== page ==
According to a recent MORI poll, doctors are viewed by the public as the most trusted professionals; more than 90% of the public trust doctors to be truthful and 80% view them as helpful.1
However, a qualitative study reported in this week's BMJ
by Howerton and colleagues found that most offenders did not trust their general practitioners enough to ask them for help, despite experiencing high levels of distress, self harming behaviour, and emotional problems.2
Childhood abuse and early traumatic life events are associated with increased rates of neurotic disorders, including post-traumatic stress disorder, substance misuse, self harm, and antisocial personality disorder in adulthood.3
Survivors of abuse have problems in trusting others (particularly figures in authority), and both victims and perpetrators of crime commonly have feelings of low self esteem, shame, and helplessness.5
Male prisoners have high rates of lifetime traumatic experiences,2
and not surprisingly these “offender-victims” experience high levels of psychological distress, yet are reluctant to seek help from health professionals.
Even in the general population, only a minority of people consult their general practitioner for emotional or psychological problems, preferring instead to turn to family members or friends for help.7
Offenders may be a particularly difficult group to engage in primary health care because most are men, and men are less likely to seek help than women. In addition, their family and social networks are often severely disrupted (if they ever existed in the first place), thus depriving them of alternative sources of help and support.
Low rates of disclosure to health professionals and reluctance to seek help have also been noted in male and female victims of sexual assault and victims of domestic violence, with men being significantly less likely to disclose traumatic and distressing early experiences than women.8
The National Survey of Sexual Abuse and Violence in Northern Ireland found that almost half of all identified instances of abuse had never been disclosed, and health professionals were rarely chosen as the channel of disclosure.9
Some men in the study by Howerton and colleagues said fear of being labelled as mentally ill was a reason for not seeking help from their general practitioner.2
For many offenders it appears that the stigma of a criminal conviction pales into insignificance compared with that of being labelled as mentally ill. This suggests that the antistigma campaigns run by the Royal College of Psychiatrists (such as “defeat depression”10
) may have failed to reach the most marginalised and socially excluded members of our society, arguably those who are at highest risk of developing mental health problems and who most need to have their underlying fears and prejudices challenged.
Offenders who are seeking care but who have complex social and psychological problems, high rates of drug and alcohol misuse, low compliance with treatment, and ambivalence towards figures of authority may not view primary health care as the solution to their needs.2
Distress and dysfunction caused by childhood experiences of abuse, neglect, and deprivation are unlikely to be rectified by a single brief consultation or a course of antidepressants, which may be all that is available in a busy inner city practice.
Seeking help in itself is not necessarily beneficial to the individual. One study of rape victims who had contact with health professionals found that about one third rated their contact with the medical system as “hurtful,” mostly because of encountering negative, disbelieving, or judgmental attitudes.11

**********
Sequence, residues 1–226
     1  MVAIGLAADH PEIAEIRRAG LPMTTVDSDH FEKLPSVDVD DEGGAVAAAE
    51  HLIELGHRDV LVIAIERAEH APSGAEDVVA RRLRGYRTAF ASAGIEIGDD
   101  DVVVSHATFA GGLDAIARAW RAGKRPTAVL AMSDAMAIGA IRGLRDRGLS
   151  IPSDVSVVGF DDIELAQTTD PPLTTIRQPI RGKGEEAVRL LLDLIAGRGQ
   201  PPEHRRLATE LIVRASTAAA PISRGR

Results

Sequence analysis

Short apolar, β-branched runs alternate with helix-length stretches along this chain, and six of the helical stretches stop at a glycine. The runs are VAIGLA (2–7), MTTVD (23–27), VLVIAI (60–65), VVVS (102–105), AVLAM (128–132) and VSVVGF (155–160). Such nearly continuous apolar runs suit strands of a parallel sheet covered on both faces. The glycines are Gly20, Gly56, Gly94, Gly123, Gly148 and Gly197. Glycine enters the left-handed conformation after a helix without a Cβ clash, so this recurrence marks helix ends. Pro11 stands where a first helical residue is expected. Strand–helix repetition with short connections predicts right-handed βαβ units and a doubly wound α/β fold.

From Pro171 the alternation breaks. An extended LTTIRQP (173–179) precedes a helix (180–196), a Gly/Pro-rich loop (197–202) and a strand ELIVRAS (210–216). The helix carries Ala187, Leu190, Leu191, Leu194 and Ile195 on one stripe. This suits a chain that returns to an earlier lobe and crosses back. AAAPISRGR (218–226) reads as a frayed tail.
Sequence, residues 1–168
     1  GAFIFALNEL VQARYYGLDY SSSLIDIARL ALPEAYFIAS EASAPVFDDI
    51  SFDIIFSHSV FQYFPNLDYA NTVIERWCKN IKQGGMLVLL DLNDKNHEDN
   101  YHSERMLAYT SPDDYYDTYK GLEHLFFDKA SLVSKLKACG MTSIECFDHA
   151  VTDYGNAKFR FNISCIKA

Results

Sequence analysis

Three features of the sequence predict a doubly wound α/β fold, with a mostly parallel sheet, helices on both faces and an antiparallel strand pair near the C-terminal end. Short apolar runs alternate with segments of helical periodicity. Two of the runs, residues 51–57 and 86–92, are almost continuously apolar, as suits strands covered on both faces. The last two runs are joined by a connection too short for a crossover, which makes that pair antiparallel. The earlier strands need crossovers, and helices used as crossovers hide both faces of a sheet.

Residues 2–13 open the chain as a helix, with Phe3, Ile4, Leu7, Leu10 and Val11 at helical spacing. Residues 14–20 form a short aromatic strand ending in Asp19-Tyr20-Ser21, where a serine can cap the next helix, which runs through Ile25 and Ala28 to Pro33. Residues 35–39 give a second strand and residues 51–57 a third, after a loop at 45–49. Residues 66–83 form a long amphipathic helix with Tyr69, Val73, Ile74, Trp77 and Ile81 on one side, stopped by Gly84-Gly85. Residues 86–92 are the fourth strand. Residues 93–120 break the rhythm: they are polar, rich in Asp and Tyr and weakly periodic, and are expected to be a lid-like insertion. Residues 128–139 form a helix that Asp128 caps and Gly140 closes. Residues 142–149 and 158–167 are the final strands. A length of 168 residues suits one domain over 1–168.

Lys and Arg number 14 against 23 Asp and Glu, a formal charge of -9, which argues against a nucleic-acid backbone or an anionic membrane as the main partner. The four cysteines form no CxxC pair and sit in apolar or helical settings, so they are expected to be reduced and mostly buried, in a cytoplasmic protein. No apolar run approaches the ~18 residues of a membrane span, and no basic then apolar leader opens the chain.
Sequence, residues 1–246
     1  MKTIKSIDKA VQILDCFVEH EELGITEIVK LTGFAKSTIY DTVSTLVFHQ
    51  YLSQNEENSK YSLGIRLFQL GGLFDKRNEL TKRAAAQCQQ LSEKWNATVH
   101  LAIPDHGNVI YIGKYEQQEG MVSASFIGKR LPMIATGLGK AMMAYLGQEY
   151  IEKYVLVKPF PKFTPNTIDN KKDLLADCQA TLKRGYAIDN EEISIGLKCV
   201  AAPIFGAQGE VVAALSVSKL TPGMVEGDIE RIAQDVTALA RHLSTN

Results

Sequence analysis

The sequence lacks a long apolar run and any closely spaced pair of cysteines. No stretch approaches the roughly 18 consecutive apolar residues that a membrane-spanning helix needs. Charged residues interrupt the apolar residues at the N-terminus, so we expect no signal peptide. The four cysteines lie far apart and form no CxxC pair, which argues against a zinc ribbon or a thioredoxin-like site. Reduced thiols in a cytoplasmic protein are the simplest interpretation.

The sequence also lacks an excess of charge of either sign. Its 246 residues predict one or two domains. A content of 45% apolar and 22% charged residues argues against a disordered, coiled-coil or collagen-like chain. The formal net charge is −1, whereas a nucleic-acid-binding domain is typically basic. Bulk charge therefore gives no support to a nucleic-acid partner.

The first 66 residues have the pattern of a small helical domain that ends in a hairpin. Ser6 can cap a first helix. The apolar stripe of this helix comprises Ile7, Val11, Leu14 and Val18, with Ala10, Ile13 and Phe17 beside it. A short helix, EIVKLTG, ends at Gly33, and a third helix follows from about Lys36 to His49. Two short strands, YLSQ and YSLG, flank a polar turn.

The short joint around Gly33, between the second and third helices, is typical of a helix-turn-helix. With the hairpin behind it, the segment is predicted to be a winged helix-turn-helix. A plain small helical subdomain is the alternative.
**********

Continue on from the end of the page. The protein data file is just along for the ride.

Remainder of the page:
Similarly, several offenders in the Howerton study reported that previous negative or unhelpful contact with doctors had made them more reluctant to seek help again.2
The relationship between a doctor and his or her patient should ideally be one of a cooperative partnership, with shared decision making in which the patient is encouraged to take the lead.12
In mental health care, the therapeutic alliance between health professional and patient contributes to therapeutic outcome, regardless of the type of treatment.13
However, the establishment of a therapeutic alliance may be particularly difficult with offenders, whose only experience with figures of authority has been in the context of abuse or coercion. The requirements for doctors to communicate concerns about risk to multiagency public protection panels (MAPPPs),14
and the proposed introduction of compulsory treatment in the community may further undermine the willingness of offenders to seek help from general practitioners.
The study by Howerton and colleagues2
reported that offenders wanted their general practitioner to listen to them, treat them with respect, provide appropriate information, and to treat them with compassion. Negative, judgmental, or rushed responses do little to enhance trust or encourage disclosure of painful experiences. In addition, the evidence emerging from research on victim support is that all community services are most effective when they are coordinated and communicate with one another.15
Services that don't liaise effectively are unlikely to help victims or ex-offenders. The more complex the person's psychological and social problems, the more necessary a multiagency approach becomes.
Medical intervention can help only when combined with housing support, education, access to work, and specialist input from probation services and the voluntary sector. Educational and vocational strategies aimed at enhancing social inclusion may be more effective than medical interventions in reducing feelings of shame and stigma. Such strategies can enhance the psychological health of offenders and should be considered if offenders cannot be encouraged to seek help from their general practitioners.